Whenever you receive an email asking you to click a link or download an attachment, you must employ the E.M.A.I.L. rule—Examine Message and Inspect Links. When you receive an email, take a closer look at the true sender by hovering your mouse over the email address. Hackers can spoof an email address to look like they are contacting you from a legitimate organization. Looking more closely at the sender’s address can reveal the true sender. Be sure to do the same with any links in the email. Before clicking, hover your mouse over any link to see the true website.
Don’t open any attachments or click any links if you are unsure. If the email comes from a company you do business with, contact them directly on the phone to confirm the communication before clicking anything in the email.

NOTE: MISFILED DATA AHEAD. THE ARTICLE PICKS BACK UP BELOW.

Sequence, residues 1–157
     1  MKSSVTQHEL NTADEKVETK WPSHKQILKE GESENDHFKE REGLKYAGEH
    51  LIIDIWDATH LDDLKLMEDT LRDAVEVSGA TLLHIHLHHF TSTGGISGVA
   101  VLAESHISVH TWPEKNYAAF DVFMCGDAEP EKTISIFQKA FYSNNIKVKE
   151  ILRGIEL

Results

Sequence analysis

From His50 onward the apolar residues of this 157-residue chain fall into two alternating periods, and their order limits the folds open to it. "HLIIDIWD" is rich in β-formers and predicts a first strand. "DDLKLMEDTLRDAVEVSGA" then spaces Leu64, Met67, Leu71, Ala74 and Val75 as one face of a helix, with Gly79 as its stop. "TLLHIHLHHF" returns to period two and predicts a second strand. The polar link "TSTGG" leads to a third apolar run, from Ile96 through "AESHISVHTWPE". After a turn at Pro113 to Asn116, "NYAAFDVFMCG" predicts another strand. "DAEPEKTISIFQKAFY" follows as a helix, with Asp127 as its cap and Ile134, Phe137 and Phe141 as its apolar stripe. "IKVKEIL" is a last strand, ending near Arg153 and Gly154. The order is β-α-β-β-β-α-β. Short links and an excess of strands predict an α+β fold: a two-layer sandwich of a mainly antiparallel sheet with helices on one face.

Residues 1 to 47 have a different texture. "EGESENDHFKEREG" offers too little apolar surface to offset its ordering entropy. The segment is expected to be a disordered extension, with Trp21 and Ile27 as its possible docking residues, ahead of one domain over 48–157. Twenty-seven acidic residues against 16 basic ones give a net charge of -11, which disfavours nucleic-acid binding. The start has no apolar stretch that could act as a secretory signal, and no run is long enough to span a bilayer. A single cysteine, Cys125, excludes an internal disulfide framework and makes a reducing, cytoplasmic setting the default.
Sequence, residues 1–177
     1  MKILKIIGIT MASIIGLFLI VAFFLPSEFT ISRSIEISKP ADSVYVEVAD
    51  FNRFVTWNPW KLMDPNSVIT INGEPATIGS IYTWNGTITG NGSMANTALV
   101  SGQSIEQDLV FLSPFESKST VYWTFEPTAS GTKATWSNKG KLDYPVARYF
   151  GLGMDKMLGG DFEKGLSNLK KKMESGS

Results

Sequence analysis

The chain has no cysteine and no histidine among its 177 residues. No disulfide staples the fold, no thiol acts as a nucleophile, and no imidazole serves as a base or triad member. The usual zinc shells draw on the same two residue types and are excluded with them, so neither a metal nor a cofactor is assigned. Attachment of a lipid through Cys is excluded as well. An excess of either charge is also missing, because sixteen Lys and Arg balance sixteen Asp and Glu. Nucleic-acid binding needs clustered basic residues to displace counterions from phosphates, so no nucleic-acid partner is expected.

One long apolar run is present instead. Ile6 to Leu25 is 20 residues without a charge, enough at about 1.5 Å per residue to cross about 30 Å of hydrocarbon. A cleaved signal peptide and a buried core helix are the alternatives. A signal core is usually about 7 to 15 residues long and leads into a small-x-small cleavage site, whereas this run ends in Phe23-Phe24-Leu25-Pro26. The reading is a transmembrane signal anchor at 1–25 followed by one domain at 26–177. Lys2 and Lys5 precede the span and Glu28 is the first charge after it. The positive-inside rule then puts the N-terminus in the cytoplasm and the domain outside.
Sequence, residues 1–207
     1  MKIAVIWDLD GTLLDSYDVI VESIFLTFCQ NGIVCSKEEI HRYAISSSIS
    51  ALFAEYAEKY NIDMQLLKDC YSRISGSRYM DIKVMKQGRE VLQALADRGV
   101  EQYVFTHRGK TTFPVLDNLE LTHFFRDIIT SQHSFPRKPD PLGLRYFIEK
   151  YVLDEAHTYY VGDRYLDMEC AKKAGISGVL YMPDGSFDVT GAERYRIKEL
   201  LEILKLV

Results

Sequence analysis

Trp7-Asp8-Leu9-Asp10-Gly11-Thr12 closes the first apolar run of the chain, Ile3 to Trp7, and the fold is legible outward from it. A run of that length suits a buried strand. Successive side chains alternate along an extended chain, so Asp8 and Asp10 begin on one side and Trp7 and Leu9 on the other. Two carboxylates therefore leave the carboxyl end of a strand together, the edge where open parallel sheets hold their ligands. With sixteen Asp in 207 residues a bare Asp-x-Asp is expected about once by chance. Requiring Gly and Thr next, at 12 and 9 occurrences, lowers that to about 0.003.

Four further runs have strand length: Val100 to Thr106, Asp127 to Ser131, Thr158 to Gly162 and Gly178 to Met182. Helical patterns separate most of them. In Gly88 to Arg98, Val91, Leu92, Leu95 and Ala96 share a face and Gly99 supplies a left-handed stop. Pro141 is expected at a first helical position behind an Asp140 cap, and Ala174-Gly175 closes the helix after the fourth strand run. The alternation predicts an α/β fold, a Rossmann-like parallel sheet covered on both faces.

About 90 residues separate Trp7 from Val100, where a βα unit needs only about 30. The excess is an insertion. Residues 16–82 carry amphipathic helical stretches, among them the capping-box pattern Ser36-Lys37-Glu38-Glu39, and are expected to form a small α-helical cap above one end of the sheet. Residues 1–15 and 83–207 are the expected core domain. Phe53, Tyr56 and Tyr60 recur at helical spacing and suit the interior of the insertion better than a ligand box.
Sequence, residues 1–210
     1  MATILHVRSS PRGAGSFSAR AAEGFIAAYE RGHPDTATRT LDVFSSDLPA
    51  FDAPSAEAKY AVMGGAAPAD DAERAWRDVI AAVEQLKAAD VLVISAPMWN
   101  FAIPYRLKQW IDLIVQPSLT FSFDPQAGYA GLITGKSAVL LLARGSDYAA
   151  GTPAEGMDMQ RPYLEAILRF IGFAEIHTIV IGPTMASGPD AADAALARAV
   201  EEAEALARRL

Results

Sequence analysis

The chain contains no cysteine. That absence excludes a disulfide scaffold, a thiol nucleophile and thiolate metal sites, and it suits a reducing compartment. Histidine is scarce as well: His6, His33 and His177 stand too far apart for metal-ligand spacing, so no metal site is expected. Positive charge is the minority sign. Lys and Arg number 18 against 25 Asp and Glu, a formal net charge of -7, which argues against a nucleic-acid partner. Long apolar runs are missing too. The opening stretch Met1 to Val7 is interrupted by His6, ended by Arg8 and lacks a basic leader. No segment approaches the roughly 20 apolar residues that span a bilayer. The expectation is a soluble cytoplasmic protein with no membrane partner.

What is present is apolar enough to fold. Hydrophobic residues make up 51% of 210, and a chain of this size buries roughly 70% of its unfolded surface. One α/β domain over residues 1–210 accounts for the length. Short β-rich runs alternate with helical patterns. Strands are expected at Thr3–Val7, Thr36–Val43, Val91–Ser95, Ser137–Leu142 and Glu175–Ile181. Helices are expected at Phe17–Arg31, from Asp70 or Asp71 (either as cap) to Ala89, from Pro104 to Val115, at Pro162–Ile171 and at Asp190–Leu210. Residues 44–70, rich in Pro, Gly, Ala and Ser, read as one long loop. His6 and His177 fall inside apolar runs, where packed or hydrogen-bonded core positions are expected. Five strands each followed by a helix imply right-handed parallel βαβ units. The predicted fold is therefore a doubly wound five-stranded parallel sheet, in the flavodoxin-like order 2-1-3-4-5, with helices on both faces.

The Rule of Three
The above rule will help you avoid falling victim to ransomware but what happens if you accidentally click on a malicious link? Not all is lost if you've followed the Rule of Three.
The Rule of Three states that you should have all of your data backed up in three places—your device, the cloud, and an external back-up storage system. Popular cloud options for storage include iCloud, Dropbox, and Microsoft OneDrive. For external options, consider an external hard drive. You should get in the habit of backing up your data to the cloud daily (or at least a couple of times a week). For the external hard drive, you can transfer files over every week or twice a month.